Practicum Project | 2010

Edaphic Properties of Stable, Shrinking and Expanding Coastal Sage Scrub Boundaries (1990-2009) in Cheeseboro Canyon, Santa Monica Mountains National Recreation Area

Students: Monica Pacheco, Erin Mulberg, Suza Khy, Maggie Olsen, Andrew J. Price, Prodipto Roy, Eduardo Jimenez

Client: National Park Service, Santa Monica Mountains National Recreation Area

Advisor: R. Travis Brooks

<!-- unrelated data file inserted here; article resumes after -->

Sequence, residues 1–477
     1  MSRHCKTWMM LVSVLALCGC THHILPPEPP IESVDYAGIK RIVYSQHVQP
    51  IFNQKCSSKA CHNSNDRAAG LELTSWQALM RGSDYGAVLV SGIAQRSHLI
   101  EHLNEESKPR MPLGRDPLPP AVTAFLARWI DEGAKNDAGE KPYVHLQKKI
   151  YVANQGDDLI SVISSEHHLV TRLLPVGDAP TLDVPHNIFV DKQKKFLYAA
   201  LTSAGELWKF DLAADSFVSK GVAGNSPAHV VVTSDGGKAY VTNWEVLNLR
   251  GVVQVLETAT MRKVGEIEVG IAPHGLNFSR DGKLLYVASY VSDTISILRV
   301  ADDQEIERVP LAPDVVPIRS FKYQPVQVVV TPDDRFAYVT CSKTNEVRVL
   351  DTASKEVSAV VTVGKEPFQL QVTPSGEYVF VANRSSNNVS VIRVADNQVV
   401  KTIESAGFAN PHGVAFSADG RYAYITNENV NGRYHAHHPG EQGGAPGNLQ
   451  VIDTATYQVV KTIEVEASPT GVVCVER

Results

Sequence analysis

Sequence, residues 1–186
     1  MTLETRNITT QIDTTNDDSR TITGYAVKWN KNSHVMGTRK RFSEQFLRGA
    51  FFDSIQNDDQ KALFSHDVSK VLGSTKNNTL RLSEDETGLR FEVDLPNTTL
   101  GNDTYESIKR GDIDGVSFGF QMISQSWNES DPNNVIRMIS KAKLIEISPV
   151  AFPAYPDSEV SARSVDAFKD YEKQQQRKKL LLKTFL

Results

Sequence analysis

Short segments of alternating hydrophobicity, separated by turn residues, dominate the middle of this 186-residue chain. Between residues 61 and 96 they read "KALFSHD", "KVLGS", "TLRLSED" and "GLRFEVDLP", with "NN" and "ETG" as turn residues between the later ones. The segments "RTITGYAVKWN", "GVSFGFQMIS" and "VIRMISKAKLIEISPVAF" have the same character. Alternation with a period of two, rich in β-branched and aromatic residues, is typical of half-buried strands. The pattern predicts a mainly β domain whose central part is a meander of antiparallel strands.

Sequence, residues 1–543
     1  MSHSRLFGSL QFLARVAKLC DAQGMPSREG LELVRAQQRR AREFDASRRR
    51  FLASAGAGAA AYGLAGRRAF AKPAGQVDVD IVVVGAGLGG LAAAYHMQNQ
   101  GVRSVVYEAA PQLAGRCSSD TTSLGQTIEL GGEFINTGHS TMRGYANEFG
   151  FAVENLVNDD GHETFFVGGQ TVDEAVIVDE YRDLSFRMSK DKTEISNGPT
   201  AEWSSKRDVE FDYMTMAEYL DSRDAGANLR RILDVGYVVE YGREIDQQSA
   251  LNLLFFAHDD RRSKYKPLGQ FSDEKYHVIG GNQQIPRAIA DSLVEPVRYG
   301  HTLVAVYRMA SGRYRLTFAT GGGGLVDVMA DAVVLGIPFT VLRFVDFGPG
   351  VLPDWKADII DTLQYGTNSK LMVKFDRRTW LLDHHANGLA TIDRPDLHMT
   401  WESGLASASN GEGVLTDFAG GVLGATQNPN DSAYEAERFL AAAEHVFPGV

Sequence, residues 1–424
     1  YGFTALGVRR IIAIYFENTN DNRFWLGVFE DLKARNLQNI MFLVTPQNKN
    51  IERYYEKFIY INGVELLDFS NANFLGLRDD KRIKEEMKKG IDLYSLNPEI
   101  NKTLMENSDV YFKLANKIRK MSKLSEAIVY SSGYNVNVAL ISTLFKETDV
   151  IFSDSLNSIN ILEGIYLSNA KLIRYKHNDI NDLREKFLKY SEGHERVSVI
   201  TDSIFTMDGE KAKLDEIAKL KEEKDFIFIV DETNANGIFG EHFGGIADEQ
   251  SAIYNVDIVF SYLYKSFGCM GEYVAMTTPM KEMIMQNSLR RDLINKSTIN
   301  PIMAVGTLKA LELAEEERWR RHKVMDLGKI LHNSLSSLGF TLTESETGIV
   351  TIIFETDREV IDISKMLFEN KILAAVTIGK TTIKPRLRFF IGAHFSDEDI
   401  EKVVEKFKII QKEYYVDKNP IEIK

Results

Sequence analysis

The coastal sage scrub (CSS) vegetation of southern California is an ecologically important habitat that is threatened due to losses from urban development and type-conversion in adjacent wilderness by historic land use practices and decreased fire return intervals. Many areasthat have been historically grazed and subject to frequent burning have been replaced by a dominant non-native annual grass cover (NAG). Together CSS and NAG occur in vegetation mosaics in the landscape, including in Cheeeseboro Canyon, part of the Santa Monica National Recreation Area managed by the National Park Service. Although fire history has been documented to be an important consumer pressure on CSS communities, a prior photointerpretation study in Cheeseboro Canyon found that from the early 1920s to 2003, parameters of fire history did not directly correlate with the gain or loss of CSS cover (Eckhardt 2006). CSS-NAG boundaries may be responding to other environmental factors, including edaphic factors related to soil moisture availability. It is known CSS and NAG have differing soil hydrologic patterns, NAG being dryer that CSS due to plant water utilization (Davis 1985). Therefore, we posited that edaphic boundary conditions between CSS and NAG may be correlated with the relative stability of CSS-NAG boundaries. Over a 19-year period (1990-2009) we did not find that the relative stability of individual CSS boundaries (stable, expanding or shrinking) correlated with parameters of fire history; however, we found from a stratified random sample of the edaphic properties across these boundaries that soil texture was almost always different between the CSS and NAG sites. For differences between boundary stability types, we only found a significant difference between CSS and NAG across expanding boundaries at a depth of 0-20 cm (p<0.001). We interpret this finding to indicate that while soil texture alone may not consistently explain the trajectory of expanding or shrinking boundaries, the observation that soil texture was different across these vegetation boundaries suggests that it may be interacting with another unmeasured environmental factor, which is ecologically important in determining whether a particular site would promote or suppress CSS colonization. Future research and restoration projects should consider edaphic factors in attempting to understand the long-term stability of CSS communities in the landscape.